HOUSTON—Some may say this recession is close to being over. But many college grads have either been laid off or are still looking for work. The unemployment rate for college grads under 25 was nearly 10-percent in 2009.
39 News spoke to students at the University of Houston on Thursday, April 8 to get their thoughts on the jobless rate.
According to Forbes.com in 2008, the best cities where college grads could find a job were found in Texas. Houston was No. 1. But times have changed in the past two years. Many of the University of Houston students will soon graduate, and reality is already setting in.
"It is scary," said U of H senior Darrell Williams. "It's definitely, definitely scary."
What's scary is even if a high school graduate is thinking about pursuing a college degree, there's no guarantee of a good paying job.
"The jobless rate for college graduates is less than 5-percent," said Marilyn Wade, who's an assistant director at University of Houston's career services department.
"So in essence, even though the economy is struggling, job seekers are struggling ... if you have a college degree you have an advantage."
That advantage is keeping some students very optimistic.
"People working in technology and engineering should have no trouble finding a job probably within the next couple of years," said Josh Riffel, a junior computer science major at U of H.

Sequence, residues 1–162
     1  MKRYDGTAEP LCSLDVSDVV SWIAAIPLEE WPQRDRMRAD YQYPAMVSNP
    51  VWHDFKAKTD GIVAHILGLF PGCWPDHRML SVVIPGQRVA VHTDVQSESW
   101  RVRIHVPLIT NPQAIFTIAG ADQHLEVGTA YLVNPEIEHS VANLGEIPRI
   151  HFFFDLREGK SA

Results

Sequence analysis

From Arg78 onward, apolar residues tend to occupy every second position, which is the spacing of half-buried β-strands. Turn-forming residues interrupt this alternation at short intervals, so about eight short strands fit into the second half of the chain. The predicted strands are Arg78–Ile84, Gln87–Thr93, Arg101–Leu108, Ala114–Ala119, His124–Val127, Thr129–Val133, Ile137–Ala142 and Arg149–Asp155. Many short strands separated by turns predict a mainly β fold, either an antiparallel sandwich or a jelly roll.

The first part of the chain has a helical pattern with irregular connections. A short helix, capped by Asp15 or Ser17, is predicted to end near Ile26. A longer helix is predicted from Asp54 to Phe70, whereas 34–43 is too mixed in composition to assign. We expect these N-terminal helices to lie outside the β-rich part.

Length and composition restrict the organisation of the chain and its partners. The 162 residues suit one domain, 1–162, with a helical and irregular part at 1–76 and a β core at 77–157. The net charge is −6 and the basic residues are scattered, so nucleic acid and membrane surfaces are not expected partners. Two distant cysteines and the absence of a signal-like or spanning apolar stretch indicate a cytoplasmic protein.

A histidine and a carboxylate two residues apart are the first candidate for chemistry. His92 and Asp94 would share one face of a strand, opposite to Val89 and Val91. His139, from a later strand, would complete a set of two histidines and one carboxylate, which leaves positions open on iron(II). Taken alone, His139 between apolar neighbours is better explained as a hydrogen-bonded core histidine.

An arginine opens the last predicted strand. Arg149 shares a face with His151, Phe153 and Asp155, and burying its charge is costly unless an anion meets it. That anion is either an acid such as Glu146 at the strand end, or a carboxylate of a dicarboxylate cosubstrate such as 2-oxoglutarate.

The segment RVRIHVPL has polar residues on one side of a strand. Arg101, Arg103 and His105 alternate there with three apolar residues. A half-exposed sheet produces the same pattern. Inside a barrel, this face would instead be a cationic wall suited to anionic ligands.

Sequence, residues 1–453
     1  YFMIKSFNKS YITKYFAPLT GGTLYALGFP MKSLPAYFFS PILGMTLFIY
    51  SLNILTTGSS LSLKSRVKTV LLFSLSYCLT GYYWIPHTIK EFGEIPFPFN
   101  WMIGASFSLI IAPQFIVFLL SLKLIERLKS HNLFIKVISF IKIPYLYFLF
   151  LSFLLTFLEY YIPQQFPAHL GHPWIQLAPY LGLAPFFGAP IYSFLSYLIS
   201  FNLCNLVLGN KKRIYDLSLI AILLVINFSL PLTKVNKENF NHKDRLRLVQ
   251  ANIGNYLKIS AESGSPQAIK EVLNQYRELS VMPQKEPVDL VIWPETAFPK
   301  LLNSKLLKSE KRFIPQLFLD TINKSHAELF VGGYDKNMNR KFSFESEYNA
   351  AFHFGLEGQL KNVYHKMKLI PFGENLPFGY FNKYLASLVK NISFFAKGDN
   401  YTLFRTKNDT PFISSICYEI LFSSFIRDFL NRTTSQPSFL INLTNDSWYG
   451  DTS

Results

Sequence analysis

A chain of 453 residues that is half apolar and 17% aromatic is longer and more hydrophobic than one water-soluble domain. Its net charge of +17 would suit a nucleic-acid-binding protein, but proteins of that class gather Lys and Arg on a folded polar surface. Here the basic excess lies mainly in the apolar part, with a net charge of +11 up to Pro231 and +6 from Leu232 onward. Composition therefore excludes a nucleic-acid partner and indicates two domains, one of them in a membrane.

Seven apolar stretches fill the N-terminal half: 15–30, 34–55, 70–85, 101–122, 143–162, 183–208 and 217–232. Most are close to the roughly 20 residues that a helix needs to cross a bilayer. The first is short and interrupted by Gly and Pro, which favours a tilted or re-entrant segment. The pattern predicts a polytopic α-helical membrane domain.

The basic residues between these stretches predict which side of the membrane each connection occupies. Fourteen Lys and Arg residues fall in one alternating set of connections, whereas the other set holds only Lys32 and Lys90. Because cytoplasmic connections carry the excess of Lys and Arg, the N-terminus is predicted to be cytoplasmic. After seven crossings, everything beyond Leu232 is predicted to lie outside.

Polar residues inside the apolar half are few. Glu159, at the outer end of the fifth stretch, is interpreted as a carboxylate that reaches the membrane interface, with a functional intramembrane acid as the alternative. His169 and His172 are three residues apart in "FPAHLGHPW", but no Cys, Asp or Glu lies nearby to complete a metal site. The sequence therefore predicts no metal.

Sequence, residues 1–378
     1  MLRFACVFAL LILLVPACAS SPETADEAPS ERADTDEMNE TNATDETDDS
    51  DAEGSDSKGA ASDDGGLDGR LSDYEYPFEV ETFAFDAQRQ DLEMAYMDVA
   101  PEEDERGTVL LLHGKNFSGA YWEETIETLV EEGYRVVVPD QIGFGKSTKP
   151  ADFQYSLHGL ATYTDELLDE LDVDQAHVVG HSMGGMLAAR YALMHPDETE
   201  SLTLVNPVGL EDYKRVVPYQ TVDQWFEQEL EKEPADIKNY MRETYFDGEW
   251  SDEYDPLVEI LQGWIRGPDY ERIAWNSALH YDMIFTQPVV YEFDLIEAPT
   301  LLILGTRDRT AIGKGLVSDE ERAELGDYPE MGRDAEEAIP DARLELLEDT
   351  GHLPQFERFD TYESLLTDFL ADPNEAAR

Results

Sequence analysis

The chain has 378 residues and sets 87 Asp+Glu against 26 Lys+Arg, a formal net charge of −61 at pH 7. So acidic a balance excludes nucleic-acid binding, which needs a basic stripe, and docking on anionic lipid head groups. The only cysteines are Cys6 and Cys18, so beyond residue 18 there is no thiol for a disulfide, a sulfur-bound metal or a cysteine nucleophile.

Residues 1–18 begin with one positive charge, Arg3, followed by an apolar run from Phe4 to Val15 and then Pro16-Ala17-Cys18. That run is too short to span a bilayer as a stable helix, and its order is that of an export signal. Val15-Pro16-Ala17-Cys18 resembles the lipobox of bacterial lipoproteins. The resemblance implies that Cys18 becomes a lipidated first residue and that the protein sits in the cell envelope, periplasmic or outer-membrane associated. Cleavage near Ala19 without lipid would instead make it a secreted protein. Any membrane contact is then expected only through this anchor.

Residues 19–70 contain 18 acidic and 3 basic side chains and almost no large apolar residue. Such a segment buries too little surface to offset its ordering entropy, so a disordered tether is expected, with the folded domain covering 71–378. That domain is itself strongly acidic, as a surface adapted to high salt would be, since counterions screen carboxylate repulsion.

These days, the reality for most 16 through 29 year-olds is just finding work.
"If high school grads are competing with college grads, it would seem that employers would hire the college grads because they will be more mature," said Walter Turner, a University of Houston senior.
"The idea of a high school graduate and a college graduate both competing for the same is disheartening," said Williams shaking his head.
"Even if they are working at Subway or McDonald's for instance, they should be volunteering their services for free," said Wade.
If you're a recent college graduate and have volunteered your time but are looking for another option, Target is looking for people right now.
"Our goal, for the internship program, is to convert our interns to full time opportunities," said one Target recruiter, who was on University of Houston's campus interviewing potential candidates. "Whether it be at our corporate office in Minneapolis."
So until the employment rate improves, it could be a long year for high school and college grads looking for work.
Last month, The Texas Workforce Commission reported that the local unemployment rate dropped to 8.5 percent in February, which was down from 8.8 percent in January.
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